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SUCH a winter as was that of 1880-81— deep snows and zero weather for nearly three months — proves especially trying to the wild creatures that attempt to face it. The supply of fat (or fuel) with which their bodies become stored in the fall is rapidly exhausted by the severe and uninterrupted cold, and the sources from which fresh supplies are usually obtained are all but wiped out. Even the fox was very hard pressed and reduced to the unusual straits of eating frozen apples; the pressure of hunger must be great, indeed, to compel Reynard to take up with such a diet. A dog will eat corn, but he cannot digest it, and I doubt if the fox extracted anything more than the cider from the frozen and thawed apples. They perhaps served to amuse and occupy his stomach for the time. Humboldt says wolves eat earth, especially clay, during winter, and Pliny makes a similar observation. In Greenland the dog eats seaweed when other food fails. In tropical countries, during the tropical winter, many savage tribes eat clay. It distends their stomachs, and in a measure satisfies the cravings of hunger. During the season referred to, the crows appeared to have little else than frozen apples for many weeks; they hung about the orchards as a last resort, and, after scouring the desolate landscape over, would return to their cider with resignation, but not with cheerful alacrity. They grew very bold at times, and ventured quite under my porch, and filched the bones that Lark, the dog, had left. I put out some corn on the wall near by, and discovered that crows will not eat corn in the winter, except as they can break up the kernels. It is too hard for their gizzards to grind. Then the crow, not being properly a granivorous bird, but a carnivorous, has not the digestive, or rather the pulverizing power of the domestic fowls. The difficulty also during such a season of coming at the soil and obtaining gravel-stones, which, in such cases, are really the millstones, may also have something to do with it. Corn that has been planted and has sprouted, crows will swallow readily enough, because it is then soft, and is easily ground. My impression has always been that in spring and summer they will also pick up any chance kernels the planters may have dropped. But, as I observed them the past winter, they always held the kernel under one foot upon the wall, and picked it to pieces before devouring it. This is the manner of the jays also. The jays, perhaps, had a tougher time during the winter than the crows, because they do not eat fish or flesh, but depend mainly upon nuts. A troop of them came eagerly to my ash-heap one morning, which had just been uncovered by the thaw, but they found little except cinders for their gizzards, which, maybe, was what they wanted. They had foraged nearly all winter upon my neighbor's corn-crib, and probably their millstones were dull and needed replacing. They reached the corn through the opening between the slats, and were the envy of the crows, who watched them from the near trees, but dared not venture up. The chickadee, which is an insectivorous bird, will eat corn in winter. It will carry a kernel to the limb of a tree, where, held beneath its tiny foot, it will peck out the eye or chit of the corn, — the germinal part only. I have also seen the woodpecker in winter eat the berries of the poison ivy. Quails will eat the fruit of the poison sumac, and grouse are killed with their crops distended with the leaves of the laurel. Grouse also eat the berries of the bitter-sweet.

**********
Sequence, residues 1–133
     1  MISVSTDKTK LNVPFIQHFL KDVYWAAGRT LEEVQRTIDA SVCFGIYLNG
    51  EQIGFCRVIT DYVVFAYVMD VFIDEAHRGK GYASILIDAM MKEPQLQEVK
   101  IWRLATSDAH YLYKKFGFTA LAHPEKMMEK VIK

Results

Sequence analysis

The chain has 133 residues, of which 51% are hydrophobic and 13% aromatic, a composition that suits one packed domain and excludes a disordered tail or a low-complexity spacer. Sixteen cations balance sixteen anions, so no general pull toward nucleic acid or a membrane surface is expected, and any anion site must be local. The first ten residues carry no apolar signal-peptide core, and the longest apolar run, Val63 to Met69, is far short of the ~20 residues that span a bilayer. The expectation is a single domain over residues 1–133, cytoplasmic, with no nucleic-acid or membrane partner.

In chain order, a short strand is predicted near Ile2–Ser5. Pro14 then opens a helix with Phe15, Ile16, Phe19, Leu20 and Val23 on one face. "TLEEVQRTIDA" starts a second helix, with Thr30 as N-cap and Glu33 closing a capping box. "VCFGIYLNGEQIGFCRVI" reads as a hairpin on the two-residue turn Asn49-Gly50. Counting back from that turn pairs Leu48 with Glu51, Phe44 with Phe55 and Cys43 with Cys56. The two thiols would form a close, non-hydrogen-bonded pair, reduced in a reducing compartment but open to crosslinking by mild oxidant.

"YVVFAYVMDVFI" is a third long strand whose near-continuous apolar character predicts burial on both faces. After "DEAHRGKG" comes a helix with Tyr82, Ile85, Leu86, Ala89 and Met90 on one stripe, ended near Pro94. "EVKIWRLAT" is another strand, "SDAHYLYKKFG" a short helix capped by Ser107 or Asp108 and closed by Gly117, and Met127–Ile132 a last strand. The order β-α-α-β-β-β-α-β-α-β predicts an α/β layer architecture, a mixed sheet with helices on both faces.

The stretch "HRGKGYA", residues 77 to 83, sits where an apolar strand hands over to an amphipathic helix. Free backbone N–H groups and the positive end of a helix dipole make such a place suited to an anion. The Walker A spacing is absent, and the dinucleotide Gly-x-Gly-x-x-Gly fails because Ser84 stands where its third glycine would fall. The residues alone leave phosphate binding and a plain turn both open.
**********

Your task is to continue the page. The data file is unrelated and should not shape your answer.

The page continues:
The general belief among country-people that the jay hoards up nuts for winter use has probably some foundation in fact, though one is at a loss to know where he could place his stores so that they would not be pilfered by the mice and the squirrels. An old hunter told me he had seen jays secreting beechnuts in a knothole in a tree. Probably a red squirrel saw them, too, and laughed behind his tail. One day, in October, two friends of mine, out hunting, saw a blue jay carrying off chestnuts to a spruce swamp. He came and went with great secrecy and dispatch. He had several hundred yards to fly each way, but occupied only a few minutes each trip. The hunters lay in wait to shoot him, but so quickly would he seize his chestnut and be off, that he made more than a dozen trips before they killed him.